"You shall appoint judges and law-enforcers in all your gates"

Rabbi Avraham Ibn Ezra zs"l notes that the previous parashah ends with the missvah to travel to the Bet Hamikdash on Yom Tov, to visit the place of the kohanim, the High Court, the high priest, and the leaders of the nation. Then comes our parshah, which opens with the reminder that this is not enough; competent authorities must be appointed in every locale.

This bears practical application for us. Despite the fact that we are bound to our Torah leaders and visit them on occasion, a rabbi must be present in every synagogue, to rule halachah, to teach a shiur, and to provide the day-to-day connection to the Almighty.

"Do not turn judgment"

This expression requires some explanation. How does one "turn" judgment? A person can turn to a different path, he can turn his body to one side, but how does he turn a court ruling? Can one alter the truth? What's done is done! The Hid"a explains that indeed, one can alter judgment. A judge who has an inclination in a certain direction will alter his course of thinking in the direction which will yield evidence for that claim, and this evidence will get priority. The judges were therefore instructed to retain their objectivity, the way Bet Hillel would open their arguments with the rulings of Bet Shammai, in order to balance their perspective.

"You shall be whole-hearted with Hashem your God"

Rabbenu Efrayim zs"l notes that the words, "tamim tihyeh" ("you shall be whole-hearted") has the same numerical value as "Tishrei." Meaning, we are to ensure to do proper teshuvah during the month of Elul so that we are "whole" - complete and free of blemish - by the time the month of Tishrei - which features the Yamim Noraim - rolls around.

Some note that whereas a righteous person is "tam" (whole), a wicked person is the reverse - "meit" (the result of the reversing the letters of "tam") - dead. "Tam" begins with the last letter of the alphabet, and the second (and last letter) is "mem" - the middle letter of the alphabet. The righteous person always looks ahead to the future, always gives priority to the "last letter," to what lies ahead for him in the future. He thus operates accordingly in the present and avoids doing that which will lead to trouble in the future. But the sinner concentrates on the present, always seeks immediate gratification, and falls into his own trap later on down the road.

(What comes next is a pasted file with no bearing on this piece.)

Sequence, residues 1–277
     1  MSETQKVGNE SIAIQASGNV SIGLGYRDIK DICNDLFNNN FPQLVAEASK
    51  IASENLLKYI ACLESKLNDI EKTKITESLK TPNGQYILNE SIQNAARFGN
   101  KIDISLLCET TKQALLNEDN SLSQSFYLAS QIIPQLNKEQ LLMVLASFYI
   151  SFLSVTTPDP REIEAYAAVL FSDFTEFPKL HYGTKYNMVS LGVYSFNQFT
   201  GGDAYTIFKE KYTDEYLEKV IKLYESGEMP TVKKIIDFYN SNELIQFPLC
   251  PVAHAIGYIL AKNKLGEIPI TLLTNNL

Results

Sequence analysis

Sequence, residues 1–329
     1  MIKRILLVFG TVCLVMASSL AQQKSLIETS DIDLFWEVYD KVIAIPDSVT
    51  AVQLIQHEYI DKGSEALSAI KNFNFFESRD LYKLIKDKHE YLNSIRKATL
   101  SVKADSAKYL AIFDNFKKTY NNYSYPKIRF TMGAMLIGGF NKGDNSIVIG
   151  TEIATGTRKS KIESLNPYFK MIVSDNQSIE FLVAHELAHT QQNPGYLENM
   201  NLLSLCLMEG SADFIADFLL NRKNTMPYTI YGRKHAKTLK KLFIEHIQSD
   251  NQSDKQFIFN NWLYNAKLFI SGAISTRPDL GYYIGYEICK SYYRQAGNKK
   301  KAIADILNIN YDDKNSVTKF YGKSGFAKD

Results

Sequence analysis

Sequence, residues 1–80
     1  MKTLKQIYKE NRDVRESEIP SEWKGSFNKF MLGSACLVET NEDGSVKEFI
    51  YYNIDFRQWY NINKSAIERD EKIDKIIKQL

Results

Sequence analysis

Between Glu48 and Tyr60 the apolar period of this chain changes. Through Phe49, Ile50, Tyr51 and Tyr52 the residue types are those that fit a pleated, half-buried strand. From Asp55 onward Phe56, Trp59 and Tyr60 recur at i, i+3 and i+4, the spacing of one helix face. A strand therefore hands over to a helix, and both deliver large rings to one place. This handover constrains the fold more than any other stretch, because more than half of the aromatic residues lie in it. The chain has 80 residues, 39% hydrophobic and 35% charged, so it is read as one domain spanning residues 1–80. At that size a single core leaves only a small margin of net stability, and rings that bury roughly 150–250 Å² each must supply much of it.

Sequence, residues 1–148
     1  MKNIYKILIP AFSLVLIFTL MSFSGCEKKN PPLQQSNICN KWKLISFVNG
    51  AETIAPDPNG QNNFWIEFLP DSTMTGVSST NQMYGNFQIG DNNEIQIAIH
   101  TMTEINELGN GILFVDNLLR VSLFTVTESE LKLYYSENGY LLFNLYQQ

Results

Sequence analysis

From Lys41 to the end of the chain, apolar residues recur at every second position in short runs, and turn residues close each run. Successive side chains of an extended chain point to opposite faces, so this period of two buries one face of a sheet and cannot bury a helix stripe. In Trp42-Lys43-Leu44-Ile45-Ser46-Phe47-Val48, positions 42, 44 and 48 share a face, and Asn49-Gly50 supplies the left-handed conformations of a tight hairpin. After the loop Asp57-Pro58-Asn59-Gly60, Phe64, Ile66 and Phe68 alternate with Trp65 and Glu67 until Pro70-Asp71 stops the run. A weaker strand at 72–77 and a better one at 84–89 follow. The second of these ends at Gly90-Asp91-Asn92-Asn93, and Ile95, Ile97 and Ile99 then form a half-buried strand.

The Beaver

The beaver is a rodent which lives in Europe as well as the American Continent, in both water and dry land. We may very well consider the beaver the best architect in the animal kingdom. It builds its nest in rivers and lakes, from wood, small stones, and mud. After it completes the construction of its house, it then creates a dam to raise the water around nest. In this way it protects itself from its enemies and at the same time allows for passageways underwater which do not freeze in sub-freezing temperatures. The construction of the nest and the dam is not easy by any means. To cut the wood the beaver uses its exceptionally sharp teeth, as its front teeth never stop growing. If the beaver would not use its teeth constantly to cut wood, the front teeth would grow slow long the beaver would be unable to close its mouth. After the wood is cut - and the logs can be as long as 3.5 meters - it is dragged into the water. For this purpose, the beaver has to dig several long water channels to help them carry beams. In America, channels 300 meters long were found. The beaver feeds off the bark of the wood, and from the rest of the wood it builds its homes and dams. One dam found in America was 600 meters long!

The beaver's work symbolizes consistency and diligence. We are to learn from this great creature, that "So long as the candle is lit, we must continue to build and fix."